Search Disk
You can search by file name, extension, location, locate deleted files by the date they were created or deleted, and track the owner or users who deleted the file.
Version Recovery
Undelete allows instant recovery of older (“saved over”) versions of Microsoft Word, Excel and PowerPoint files. Version Recovery is integrated with Windows Explorer: just right-click on a file to recover earlier versions. Undelete will present all of the versions that are available, and allow you to open files to preview them (before you try to recover them).
SecureDelete erases files using a methodology developed for the National Security Agency and the Department of Defense. The Wipe Free Space feature overwrites free space so files can never be recovered, and there is an option to do so automatically.
Undelete replaces the Windows recycle bin with a Recovery Bin™. The Recovery Bin intercepts all deleted files, no matter how they were deleted. It has a Windows Explorer-like interface so you can navigate to files, right-click on them, and select Recover. The size of the Recovery Bin can be automatically adjusted: depending on the settings, it will purge files the Recovery Bin when it fills up on a First-In First-Out basis. If the size of a drive or volume becomes critically low, Undelete can reduce the Recovery Bin size. If more space is available, Undelete can expand the Recovery Bin to protect more files.
Undelete 2009 Home Edition works with 32-bit verisons of Windows 2000, XP, and Vista only…it is not compatible with Windows Vista Business and Enterprise. NTFS and 16/32-bit FAT file systems can be accessed, but the 12-bit FAT file system is not supported. Primary partitions, extended partitions, logical drives, volume sets, mirror sets, RAID arrays, removable disks, and memory cards can be used with Undelete.
Undelete Professional Edition is recommeneded for computers that are used for business, where data is stored locally and on network file servers. Administrators that are using an edition of Undelete Server can connect to computers that are running Undelete Professional Edition 2009 to access the Recovery Bins, and remotely browse and recover deleted files on those clients.
In addition to features noted in the home version, Undelete 2009 Professional Edition maintains Windows NTFS security so users can only access files for which they have permission.
Undelete 2009 Professional Edition works with 32-bit and 64-bit versions of Windows 2000, XP, Vista, and Server 2003 and 2008.

USB digital TV receiver

During the Tech Tuesday segment on KOLD News 13 Live This Morning, Andy showed: a personalized coffee mug from RocketLife.Com, a World of Warcraft Battle Chest, Pinnacle Studio 12 for Video Editing and Creation, and an Encore Electronics USB DTV Tuner

The Encore Electronics ENUTV-DAT USB ATSC Digital TV Tuner is powered by the USB port. An infrared remote control, and antenna, is included.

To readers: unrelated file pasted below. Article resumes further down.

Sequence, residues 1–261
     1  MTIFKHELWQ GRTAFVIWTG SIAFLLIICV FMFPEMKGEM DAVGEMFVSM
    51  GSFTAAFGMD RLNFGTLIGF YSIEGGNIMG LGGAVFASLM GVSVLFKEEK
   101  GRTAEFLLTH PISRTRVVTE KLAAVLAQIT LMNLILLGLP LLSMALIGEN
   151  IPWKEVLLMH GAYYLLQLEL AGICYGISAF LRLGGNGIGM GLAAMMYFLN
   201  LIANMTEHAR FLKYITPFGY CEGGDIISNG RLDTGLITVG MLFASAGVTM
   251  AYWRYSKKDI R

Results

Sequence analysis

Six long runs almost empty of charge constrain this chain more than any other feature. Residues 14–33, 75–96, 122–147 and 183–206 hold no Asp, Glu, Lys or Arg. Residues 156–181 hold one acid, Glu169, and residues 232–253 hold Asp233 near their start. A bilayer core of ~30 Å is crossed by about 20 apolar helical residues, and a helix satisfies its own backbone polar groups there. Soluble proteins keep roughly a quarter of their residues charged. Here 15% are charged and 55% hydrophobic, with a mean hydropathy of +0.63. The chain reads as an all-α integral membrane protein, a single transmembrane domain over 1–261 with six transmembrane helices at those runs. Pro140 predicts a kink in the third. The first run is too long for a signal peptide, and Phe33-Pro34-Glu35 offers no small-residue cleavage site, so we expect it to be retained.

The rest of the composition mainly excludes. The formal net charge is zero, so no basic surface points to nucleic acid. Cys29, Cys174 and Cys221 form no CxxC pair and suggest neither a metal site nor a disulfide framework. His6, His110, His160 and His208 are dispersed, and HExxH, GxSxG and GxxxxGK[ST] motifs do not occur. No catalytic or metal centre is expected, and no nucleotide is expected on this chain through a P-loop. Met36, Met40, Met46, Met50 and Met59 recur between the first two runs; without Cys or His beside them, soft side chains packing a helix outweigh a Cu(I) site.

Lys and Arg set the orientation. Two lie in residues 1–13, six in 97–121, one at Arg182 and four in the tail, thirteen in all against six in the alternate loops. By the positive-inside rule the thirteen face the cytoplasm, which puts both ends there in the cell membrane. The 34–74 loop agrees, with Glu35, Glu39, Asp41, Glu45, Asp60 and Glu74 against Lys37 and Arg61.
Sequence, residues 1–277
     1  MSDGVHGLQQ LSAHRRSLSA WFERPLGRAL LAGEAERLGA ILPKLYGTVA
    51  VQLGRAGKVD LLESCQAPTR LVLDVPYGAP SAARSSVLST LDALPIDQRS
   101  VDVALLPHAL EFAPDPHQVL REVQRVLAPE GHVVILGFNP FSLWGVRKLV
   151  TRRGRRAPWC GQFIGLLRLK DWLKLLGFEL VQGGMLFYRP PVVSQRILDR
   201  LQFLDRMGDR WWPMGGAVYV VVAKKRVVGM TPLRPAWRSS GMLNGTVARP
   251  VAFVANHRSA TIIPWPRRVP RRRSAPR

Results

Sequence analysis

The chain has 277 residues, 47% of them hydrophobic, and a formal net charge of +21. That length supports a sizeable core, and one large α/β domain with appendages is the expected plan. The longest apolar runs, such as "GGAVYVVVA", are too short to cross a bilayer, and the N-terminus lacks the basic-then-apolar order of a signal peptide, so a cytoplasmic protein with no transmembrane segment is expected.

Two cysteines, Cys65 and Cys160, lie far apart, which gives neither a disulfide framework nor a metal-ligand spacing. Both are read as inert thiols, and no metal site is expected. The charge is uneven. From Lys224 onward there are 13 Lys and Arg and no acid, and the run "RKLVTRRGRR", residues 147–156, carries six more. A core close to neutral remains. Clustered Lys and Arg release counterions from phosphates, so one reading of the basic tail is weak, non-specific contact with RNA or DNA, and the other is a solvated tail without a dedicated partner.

The HDTV resolution goes to 1920 x 1080i. You can schedule for a program to be recorded. And time-shifting allows for the recording, and playback, of live television broadcasts…at the same time! Files are recorded in iPOD, PSP MPEG-4, and Windows CE-WMV formats. Images can be captured in JPEG and BMP formats…


Encore sent the unit to us months ago, and I tried it, but decided to withhold posting a review because of all of the changes in the final date for digital conversion.

A CD is included that has the software needed for the unit. When I inserted the CD into my computer, the Drivers & Utilities Installation menu appeared. The first item on the menu is Setup Utility…the second item is Setup Driver. The handbook states to install the driver, then the utility…

After doing so, I connected the device and an error message appeared: “The device cannot be detected or is not supported.” After restarting the computer, and connecting the device, it was recongized.

When I tested it I was in the northwest area of Tucson (Marana), inside of a coffee shop. The signals from the stations could not be expected to be very strong. One of the reasons I was trying to wait as long as possible about posting this review is because some will be increasing their power, but I don’t know when that will be and if there are stations in my area that will be.

I was able to get KVOA (Channel 4), and KHRR (Channel 40)…and our local PBS affliate, KUAT. KUAT impressed me the most:

“271” (channel 27.1)

KUAT 6-Kids-HD.
“272” (channel 27.2)

“273” (channel 27.3)

If you look at their website, there appear to be at least two more channels available.

Andy and I have tried other digital television receivers, and feel that…based on our experiences…outdoor amplified antennae should seriously be considered when at all possible.